Al_frog
Member
873 posts
873 posts

# Posted: 1 May 2008 02:51


Spawn- Thanks for doing so much work on this. I think I saw that forestry paper but was unsure just what it meant in relation to the actual micro-environment the frogs spend their time in. I think I may have overlooked the aspect of moisture conditions they might like. It is really hard to keep a small environment in the 80+% humidity without having stagnation and a build up of fungi and bacteria. If they really like a top of ~70F then they may not be all that practical for me to keep but they sure are great looking frogs. Still hope to hear from someone who has kept them successfully LT.

Rick Cabrera
Member
155 posts
155 posts

# Posted: 1 May 2008 03:32


Ive had mine for about 8 months now. They both had been doing fine except for the female died about a week and a half ago. It also was nice and fat. When i picked her up her legs were really red which was weird because when i first saw her showing symptoms of sickness(not eating, staying on the floor) it still has its yellow color. I usually keep them between 68-75 degrees, about the same way i keep my red eyes. the humidity stays at around 60-80 some times dropping to 50 but never higher then 80 or lower then fifty. Hopefully that helps a little bit. I usually keep all my leptopelis ike that and that was my first leptopelis fatality.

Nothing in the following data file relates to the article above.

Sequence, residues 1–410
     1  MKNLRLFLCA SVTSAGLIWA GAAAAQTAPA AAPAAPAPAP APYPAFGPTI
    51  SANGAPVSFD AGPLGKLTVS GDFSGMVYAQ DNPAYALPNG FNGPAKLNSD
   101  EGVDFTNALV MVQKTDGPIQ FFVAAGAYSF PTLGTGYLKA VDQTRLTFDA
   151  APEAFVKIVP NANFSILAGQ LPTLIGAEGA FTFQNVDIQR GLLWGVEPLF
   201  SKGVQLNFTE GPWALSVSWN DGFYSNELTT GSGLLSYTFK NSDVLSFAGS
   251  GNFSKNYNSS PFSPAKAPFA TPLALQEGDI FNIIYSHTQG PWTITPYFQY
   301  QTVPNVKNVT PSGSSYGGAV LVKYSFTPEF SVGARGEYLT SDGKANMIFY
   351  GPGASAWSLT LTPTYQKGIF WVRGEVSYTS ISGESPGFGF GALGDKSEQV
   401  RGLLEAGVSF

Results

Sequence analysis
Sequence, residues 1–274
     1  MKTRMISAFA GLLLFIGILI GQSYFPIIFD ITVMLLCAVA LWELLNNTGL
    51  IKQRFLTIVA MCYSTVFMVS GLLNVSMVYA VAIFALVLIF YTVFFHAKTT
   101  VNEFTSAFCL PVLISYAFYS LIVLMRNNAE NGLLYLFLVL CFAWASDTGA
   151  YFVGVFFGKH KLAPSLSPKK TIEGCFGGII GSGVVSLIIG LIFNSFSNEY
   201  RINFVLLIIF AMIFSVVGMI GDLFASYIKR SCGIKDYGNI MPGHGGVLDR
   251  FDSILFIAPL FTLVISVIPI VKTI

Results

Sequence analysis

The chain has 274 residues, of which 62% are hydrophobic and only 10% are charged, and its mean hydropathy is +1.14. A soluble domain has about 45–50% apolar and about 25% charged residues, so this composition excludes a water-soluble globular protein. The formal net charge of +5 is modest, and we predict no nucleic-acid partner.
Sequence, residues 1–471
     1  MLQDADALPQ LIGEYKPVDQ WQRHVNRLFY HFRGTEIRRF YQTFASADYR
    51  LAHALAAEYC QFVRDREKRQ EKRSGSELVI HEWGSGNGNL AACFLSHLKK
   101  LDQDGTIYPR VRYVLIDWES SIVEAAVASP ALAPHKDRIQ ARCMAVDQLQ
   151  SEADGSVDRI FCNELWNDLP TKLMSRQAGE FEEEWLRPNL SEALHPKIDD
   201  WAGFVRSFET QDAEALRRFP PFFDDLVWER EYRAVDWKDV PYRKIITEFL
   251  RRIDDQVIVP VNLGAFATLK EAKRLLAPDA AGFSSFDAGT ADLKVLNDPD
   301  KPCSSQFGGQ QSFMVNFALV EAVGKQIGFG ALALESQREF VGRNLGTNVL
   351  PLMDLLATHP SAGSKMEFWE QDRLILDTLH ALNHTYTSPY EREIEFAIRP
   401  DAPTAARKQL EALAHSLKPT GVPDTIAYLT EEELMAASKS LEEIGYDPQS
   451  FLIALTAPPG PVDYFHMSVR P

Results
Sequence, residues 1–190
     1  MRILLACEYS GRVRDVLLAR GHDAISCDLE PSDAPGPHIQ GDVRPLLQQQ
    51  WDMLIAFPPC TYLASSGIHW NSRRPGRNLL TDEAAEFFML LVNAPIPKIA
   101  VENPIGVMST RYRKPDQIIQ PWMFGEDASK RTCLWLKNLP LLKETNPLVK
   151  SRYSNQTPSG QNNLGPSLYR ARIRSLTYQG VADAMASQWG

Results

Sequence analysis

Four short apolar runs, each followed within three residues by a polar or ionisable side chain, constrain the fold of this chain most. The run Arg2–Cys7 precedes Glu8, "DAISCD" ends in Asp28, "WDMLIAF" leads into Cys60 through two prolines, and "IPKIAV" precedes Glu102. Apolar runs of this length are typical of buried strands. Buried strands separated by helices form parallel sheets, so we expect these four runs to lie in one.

2 Red eyes, 1 albino red eye, 3 Bumble bee Dart frogs, 2 Green and Black Auratus
Al_frog
Member
873 posts
873 posts

# Posted: 1 May 2008 03:48


Rick- Sounds familiar in that my last female died at just over 8 months! Thanks for the info.

blankminded
Member
209 posts
209 posts

# Posted: 2 May 2008 03:04


Spawn Awsome researh.. I would still like to try these guys and with more info like this they should do good. As far as don ive only met him a few times so i dont know how much he knows about frogs but i know myke very well. As you stated myke is a hardcore snake guy but knows his share about frogs.


Instead of keeping more species, why not do more with the species you keep?